Over the years , I have heard of quite a few cases where tigers have moved out of their natural habitat into human habitation. The maneater of Pilibhit , the tiger which reached the outskirts of Lucknow recently , a tigress which has strayed out of Ranthambore and reached Chambal are just a few of them. Leopards entering sub urban areas in Assam has been in much news lately.
Why are they moving out in the first place?
Simply because there is not enough space for them in the forests.
What do we do?
We catch these animals and ''relocate'' them deep into another forest. No one bothers to find out what happens to the animal thereafter. How does he adjust in the new environment. Are there already any dominant males in the area or not. What is the predator prey ratio and will adding another big cat have an adverse effect on it. No one thinks on those lines.
All we are bothered about is that a leopard/tiger has been 1.Caught . 2.Transported and 3.Set free. Our work is done . Our conscience is clear.
Exactly, its natural dispersion of wild tigers, young tigers move to find new territory and often cross park boundries and come in conflict with human. We often think that wild animals will remain in forest forever but like us they need better area with enough food to make there territories. Thats why wildlife corridors are extremly important. It is argued that a poor country like india cant afford wildlife corridors since these corridors have ample quantity of resources for exploitation but this is vague at its best. In these degraded patches of forest which often acts as corridors where maximum human animal conflict takes place and we end up believing that wildlife is excess in designated park so they are moving out and hence should be controlled through hunting which again is vague idea. Dr. Pabla's article does suggest that few species have exploded in number and can be controlled by hunting but failed to explain why it is happening at first place.

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Re: Dr. Pabla's articles on conservation

Post by prashantsingh » Thu Jun 21, 2012 11:17 pm

shashankspectral wrote: It is argued that a poor country like india cant afford wildlife corridors since these corridors have ample quantity of resources for exploitation but this is vague at its best. In these degraded patches of forest which often acts as corridors where maximum human animal conflict .
shashankspectral
How would you deal with the problem shashankspectral?
Not a theoretical but a practical approach........In an overpopulated and poor country like India .

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Re: Dr. Pabla's articles on conservation

Post by shashankspectral » Fri Jun 22, 2012 10:42 am

shashankspectral
How would you deal with the problem shashankspectral?
Not a theoretical but a practical approach........In an overpopulated and poor country like India .
Not a simple solution to this for sure. Every species will react differently to different solution. Controlled hunting might not affect wild boar or nilgai, who are prolific breeders but can drastically affect animals like primates, leopards or elephant. Culling of elephant in africa in past bore no result. Make forest corridors inviolate. Its not a theoretical solution but a practical one. Vital forest corridor should be made inaccessible not to forest dwellers but to commercial developers, miners, major infrastructure like railway line or national highways. Limited amount of forest corridor should be allowed to be exploited for NTFPs so that forest dweller themselves take responsibility for these corridors (just like control hunting many here would love to have). But this requires lot of time,money dedication from everyone thats why i said its not a simple solution. So we need to decide the priorities first.

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Re: Dr. Pabla's articles on conservation

Post by Kumarnishith » Sat Jun 23, 2012 12:04 pm

shashankspectral wrote:
shashankspectral
How would you deal with the problem shashankspectral?
Not a theoretical but a practical approach........In an overpopulated and poor country like India .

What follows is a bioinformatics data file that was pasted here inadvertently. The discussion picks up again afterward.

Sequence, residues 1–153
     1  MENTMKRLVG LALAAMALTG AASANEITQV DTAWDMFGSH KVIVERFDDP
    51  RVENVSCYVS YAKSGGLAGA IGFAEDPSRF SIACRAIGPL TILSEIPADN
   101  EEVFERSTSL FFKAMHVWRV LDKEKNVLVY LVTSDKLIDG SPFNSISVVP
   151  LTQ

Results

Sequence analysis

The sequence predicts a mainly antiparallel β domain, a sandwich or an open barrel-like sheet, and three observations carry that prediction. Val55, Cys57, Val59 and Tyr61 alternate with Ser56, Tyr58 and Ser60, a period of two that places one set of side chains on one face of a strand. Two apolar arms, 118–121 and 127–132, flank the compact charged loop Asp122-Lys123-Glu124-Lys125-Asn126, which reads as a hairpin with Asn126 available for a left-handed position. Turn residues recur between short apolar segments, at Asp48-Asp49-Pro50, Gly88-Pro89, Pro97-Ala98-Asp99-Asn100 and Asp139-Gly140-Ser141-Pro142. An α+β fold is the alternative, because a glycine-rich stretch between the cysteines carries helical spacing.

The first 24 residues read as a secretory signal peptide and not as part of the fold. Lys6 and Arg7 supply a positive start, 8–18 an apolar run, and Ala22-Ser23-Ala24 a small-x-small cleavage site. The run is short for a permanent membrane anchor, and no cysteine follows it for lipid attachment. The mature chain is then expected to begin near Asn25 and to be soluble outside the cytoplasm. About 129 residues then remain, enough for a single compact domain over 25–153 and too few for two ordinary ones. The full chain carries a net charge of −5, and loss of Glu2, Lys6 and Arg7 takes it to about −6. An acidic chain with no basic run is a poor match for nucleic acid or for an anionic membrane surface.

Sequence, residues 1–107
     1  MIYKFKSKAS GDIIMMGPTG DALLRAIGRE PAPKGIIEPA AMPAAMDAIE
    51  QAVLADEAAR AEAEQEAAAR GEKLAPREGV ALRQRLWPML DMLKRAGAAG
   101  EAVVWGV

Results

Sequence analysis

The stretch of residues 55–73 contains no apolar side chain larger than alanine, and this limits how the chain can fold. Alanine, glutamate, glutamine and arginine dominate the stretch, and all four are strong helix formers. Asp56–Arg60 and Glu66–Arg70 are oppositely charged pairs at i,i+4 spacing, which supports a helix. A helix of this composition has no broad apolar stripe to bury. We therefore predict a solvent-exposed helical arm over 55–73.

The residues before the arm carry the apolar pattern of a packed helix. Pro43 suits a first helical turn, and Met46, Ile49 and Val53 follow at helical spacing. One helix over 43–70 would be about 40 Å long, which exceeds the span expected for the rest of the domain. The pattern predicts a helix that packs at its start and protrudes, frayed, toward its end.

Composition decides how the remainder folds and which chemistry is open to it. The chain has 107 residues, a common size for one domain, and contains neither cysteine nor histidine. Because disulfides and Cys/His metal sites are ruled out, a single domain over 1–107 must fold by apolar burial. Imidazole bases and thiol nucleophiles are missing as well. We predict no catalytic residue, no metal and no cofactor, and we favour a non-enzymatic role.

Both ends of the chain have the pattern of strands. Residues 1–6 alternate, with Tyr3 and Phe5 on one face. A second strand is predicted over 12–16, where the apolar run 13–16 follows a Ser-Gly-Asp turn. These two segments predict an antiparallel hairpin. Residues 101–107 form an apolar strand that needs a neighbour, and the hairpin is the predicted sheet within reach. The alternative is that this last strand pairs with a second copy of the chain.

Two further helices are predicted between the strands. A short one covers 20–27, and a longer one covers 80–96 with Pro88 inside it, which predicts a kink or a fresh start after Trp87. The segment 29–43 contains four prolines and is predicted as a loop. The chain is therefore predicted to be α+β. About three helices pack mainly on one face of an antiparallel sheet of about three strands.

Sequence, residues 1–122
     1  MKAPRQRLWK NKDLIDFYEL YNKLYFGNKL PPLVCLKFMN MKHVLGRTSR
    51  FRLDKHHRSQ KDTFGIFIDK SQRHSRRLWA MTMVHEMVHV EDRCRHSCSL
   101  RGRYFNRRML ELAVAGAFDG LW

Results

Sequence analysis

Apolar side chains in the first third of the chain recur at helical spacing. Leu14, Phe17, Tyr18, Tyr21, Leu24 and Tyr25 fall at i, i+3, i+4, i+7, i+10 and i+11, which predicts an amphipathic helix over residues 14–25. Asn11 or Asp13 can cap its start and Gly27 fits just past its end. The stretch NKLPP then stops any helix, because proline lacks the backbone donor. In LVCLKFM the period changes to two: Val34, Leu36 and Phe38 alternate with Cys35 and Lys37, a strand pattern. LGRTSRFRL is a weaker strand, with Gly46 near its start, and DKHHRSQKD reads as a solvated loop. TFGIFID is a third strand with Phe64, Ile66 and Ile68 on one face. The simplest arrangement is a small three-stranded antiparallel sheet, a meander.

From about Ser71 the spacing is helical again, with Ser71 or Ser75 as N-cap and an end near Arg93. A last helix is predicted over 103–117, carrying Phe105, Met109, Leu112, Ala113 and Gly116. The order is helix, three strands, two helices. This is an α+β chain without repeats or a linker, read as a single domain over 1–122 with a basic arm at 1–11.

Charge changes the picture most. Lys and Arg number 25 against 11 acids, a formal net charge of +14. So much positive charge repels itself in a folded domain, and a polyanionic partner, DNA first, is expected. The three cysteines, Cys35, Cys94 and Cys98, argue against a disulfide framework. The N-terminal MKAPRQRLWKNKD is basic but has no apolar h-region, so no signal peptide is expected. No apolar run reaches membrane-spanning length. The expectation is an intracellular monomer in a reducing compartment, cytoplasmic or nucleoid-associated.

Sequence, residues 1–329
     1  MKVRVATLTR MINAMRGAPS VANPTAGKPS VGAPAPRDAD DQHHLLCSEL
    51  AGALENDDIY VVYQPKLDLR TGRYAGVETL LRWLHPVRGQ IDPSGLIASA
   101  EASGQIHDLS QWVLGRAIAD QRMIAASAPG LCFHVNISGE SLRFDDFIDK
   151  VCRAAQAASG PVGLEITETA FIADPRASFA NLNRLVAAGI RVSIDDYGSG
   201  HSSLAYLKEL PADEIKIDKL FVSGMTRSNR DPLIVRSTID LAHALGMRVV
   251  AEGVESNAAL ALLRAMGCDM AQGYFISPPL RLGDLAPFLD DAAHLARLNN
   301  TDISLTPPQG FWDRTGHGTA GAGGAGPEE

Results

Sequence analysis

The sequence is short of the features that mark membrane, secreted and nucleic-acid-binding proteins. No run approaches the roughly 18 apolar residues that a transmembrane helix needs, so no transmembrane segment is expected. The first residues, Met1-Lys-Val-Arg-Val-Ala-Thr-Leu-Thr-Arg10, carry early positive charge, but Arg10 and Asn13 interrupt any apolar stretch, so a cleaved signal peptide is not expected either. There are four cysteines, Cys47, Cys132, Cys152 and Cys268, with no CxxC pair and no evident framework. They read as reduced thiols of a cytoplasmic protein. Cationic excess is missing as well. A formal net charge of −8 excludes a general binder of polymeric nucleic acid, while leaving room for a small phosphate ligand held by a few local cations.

Not a simple solution to this for sure. Every species will react differently to different solution. Controlled hunting might not affect wild boar or nilgai, who are prolific breeders but can drastically affect animals like primates, leopards or elephant. Culling of elephant in africa in past bore no result. Make forest corridors inviolate. Its not a theoretical solution but a practical one. Vital forest corridor should be made inaccessible not to forest dwellers but to commercial developers, miners, major infrastructure like railway line or national highways. Limited amount of forest corridor should be allowed to be exploited for NTFPs so that forest dweller themselves take responsibility for these corridors (just like control hunting many here would love to have). But this requires lot of time,money dedication from everyone thats why i said its not a simple solution. So we need to decide the priorities first.

As you have said that controlled hunting might not affect wild boar or Nilgai! What’s wrong in issuing hunting permit say Rs 10000 for hunting a Nilgai and so on for other animals like wild boar and then using that money for conservation of other endangered species like tigers, rhino etc. Anyways government is issuing permit to kill these animals in certain areas in lieu of crop protection. With issue of hunting permits to interested hunter govt. would be saving the crops from their plunder, generate jobs & revenue at the same time. Thus at the end of it all everybody's will be happy. Farmer as the pest that is ruining their crop is dead, Government as they get the revenue and jobs for the locals, you as the revenue will be spent in conservation activity and last but not the least people like me who get to hunt :D

-Nishith

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Re: Dr. Pabla's articles on conservation

Post by Tango_ Charli » Wed Dec 19, 2012 10:21 pm

mundaire wrote:Dr. Pabla's 2 articles on conservation have been now uploaded as PDF files. I tried to upload them to the knowledge base as "articles" but as Inder & Mack The Knife pointed out, the system was not picking up the HTML tags for the tables properly - producing gibberish instead :P

To download them, one must be a member - one more reason why I tried to add them to the knowledge base initially, they would have been viewable by all.

Thank you Mack The Knife for interfacing with Dr. Pabla and getting his permission to publish these excellent articles at IFG. Anyone wishing to contact Dr. Pabla is requested to PM Mack The Knife.

Cheers!
Abhijeet
Abhijeet. Thank you very much for such a informative post and a pdf file here